Plus-size women who want to show off their style on Instagram are out of luck if they want to use the hashtag #curvy.
The platform has blocked it, as first reported by Lindsay Robinson at Mashable. A spokesperson from Instagram told BI this is because the tag was being used to share photos that violate the platform’s rules about nudity.
Now, if you seach “curvy” within the platform, Instagram will suggest a number of longer hashtags that start with the word “curvy,” like #curvygirl and #curvyfit.
And if you click on a photo that’s already been hashtagged #curvy in order to see similar photos, you’ll get a message that says “No Posts Yet.”
This isn’t accurate — plenty of women are using the #curvy label. You can find many of them by searching the similar hashtags like #curvyfashion and #curvyfit.
Instagram confirmed to us that they did block #curvy because of the nudity issue. This is similar to Instagram’s choice to block the eggplant emoji from being searched due to its phallic connotations.
Blogger Sarah Chiwaya writes about plus-size fashion at her site, Curvily. She finds the ban discouraging.
“I think what this boils down to is the fact that curvier bodies are simply treated as more obscene than thin bodies,” she said, “even when there is just as much exposed.”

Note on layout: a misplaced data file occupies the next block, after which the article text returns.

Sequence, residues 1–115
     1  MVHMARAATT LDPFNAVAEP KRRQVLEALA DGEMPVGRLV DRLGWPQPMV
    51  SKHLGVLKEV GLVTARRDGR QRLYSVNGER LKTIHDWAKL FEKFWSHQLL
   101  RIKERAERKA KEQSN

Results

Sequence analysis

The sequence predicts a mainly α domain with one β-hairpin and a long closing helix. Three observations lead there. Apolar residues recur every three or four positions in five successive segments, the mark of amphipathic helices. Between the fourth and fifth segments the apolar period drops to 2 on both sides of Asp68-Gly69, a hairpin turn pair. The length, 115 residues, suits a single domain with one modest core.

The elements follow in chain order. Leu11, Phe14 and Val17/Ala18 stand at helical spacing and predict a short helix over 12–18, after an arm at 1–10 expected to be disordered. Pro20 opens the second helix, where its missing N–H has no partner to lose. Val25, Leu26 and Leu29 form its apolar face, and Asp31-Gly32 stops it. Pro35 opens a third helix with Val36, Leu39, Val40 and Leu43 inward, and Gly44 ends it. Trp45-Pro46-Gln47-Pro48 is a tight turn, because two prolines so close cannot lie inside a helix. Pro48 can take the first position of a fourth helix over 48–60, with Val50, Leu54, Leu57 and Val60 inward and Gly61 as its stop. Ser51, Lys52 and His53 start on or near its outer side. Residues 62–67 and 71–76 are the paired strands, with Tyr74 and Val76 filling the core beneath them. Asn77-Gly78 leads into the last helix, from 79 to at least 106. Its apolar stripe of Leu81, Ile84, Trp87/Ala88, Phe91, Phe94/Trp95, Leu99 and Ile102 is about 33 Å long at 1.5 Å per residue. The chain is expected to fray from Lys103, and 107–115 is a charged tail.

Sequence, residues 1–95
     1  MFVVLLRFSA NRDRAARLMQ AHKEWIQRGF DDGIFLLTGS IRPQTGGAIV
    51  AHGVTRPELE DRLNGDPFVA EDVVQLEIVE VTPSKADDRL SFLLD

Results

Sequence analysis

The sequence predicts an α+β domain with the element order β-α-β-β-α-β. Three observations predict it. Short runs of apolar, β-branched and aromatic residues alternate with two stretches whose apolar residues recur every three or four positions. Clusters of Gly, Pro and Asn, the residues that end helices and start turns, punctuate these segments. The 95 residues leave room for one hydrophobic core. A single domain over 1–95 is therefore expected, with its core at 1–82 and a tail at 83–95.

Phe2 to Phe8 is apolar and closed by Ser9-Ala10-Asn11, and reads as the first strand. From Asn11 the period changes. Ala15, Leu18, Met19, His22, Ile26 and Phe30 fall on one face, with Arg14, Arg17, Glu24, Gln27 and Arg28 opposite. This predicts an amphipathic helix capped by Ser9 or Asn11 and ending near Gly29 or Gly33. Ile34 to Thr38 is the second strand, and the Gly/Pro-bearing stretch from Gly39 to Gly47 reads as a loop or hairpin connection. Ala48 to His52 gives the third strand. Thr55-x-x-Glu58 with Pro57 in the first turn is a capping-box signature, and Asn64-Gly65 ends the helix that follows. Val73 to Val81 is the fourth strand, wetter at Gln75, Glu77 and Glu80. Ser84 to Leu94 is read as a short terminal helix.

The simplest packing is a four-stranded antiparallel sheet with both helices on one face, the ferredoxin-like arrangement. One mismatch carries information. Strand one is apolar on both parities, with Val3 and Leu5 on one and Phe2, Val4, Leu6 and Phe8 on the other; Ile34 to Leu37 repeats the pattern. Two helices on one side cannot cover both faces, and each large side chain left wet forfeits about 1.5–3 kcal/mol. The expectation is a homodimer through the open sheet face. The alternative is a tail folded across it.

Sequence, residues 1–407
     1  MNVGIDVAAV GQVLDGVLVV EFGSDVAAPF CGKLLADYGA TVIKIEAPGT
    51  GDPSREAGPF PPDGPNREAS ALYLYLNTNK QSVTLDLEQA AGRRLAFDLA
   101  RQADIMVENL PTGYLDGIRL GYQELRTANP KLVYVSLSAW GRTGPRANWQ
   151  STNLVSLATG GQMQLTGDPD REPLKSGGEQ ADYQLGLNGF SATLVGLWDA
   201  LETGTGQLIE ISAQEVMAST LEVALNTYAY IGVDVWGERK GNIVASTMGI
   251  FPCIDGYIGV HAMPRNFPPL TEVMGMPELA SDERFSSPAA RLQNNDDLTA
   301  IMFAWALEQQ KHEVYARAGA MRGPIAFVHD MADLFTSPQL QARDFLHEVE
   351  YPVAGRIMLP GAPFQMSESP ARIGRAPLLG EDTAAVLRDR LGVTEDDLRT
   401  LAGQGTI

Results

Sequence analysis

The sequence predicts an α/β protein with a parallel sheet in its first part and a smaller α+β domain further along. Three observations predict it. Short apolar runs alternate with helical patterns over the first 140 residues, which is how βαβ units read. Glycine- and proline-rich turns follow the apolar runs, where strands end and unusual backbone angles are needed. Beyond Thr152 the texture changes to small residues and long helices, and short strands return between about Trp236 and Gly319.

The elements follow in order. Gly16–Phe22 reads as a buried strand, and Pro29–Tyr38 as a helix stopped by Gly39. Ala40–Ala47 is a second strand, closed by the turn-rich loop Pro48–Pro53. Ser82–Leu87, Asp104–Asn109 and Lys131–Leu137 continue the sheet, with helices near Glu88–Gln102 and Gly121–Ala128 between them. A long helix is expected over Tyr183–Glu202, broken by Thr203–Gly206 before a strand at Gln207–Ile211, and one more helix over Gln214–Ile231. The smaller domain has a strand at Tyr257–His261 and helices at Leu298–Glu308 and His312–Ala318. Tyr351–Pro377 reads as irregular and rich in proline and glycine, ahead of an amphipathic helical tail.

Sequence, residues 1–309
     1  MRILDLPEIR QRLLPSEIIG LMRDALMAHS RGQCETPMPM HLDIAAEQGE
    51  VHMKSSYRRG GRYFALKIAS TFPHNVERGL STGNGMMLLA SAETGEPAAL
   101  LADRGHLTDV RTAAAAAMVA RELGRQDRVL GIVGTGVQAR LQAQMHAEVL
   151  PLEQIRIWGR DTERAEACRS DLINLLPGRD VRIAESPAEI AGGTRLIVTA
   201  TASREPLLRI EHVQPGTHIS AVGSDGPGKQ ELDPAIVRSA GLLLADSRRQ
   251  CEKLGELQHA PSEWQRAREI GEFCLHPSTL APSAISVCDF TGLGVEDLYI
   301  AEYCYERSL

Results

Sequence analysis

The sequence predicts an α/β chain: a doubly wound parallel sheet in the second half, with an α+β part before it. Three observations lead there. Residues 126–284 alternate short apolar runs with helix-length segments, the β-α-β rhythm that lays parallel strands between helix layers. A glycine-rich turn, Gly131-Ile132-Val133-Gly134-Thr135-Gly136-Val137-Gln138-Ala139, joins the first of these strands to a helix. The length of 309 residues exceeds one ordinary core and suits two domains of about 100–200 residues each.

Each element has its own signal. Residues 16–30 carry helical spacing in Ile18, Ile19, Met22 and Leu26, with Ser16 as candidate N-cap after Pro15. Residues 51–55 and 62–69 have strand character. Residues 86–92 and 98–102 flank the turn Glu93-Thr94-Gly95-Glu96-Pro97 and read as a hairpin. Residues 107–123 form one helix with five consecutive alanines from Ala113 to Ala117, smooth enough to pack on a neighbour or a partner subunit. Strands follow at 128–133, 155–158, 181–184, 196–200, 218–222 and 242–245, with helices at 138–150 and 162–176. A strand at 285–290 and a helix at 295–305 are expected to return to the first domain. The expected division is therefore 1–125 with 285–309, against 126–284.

She and other members of the body positive community are making posts, like the one below from user @brittonyaaa, on Instagram to protest the ban.
This ban frustrates Chiwaya because it could slow down the body acceptance movement that’s taken hold online.
“The idea that all bodies are beautiful and worthy of respect is starting to take hold in a way it never has before,” she said, “and a big reason for that is the increased representation of different body types on social media. For Instagram to stomp all over one of the most popular hashtags for women above model size is incredibly disapopinting.”
She also pointed out that while #curvy is banned, #thin and #skinny are still intact. If you search either of those, Instagram will let you see the photos associated with it, but with a content advisory saying the images “may contain graphic content.”
“Their excuse about nudity is just that — an excuse,” Chiwaya said. “You can find nudity in any hashtag. I’ve literally (and unfortunately) seen a penis while looking at the #puppies tag. Reporting material that violates the policy is the mechanism in place to deal with that — not banning a widely used tag outright.”
She pointed out that #curvy is being treated the same way as the #naked or #sex tags.
“Instagram is just perpetuating that curvy = obscene trope,” she said.
Chiwaya relies on Instagram to promote her business and website, and she discovered much of the body positive community through the #curvy hashtag years ago, she said. She worries that younger users might never discover those communities now that the hashtag is banned.
She’s found workarounds like the tags #celebratemysize and #fatshion, and suggests people who want to view body positive content use hashtags like #loveyourshape, #imnoangel, and her own #pullingoffacroptop.
“Curvy is not obscene, and should not be treated as such,” Chiwaya said.
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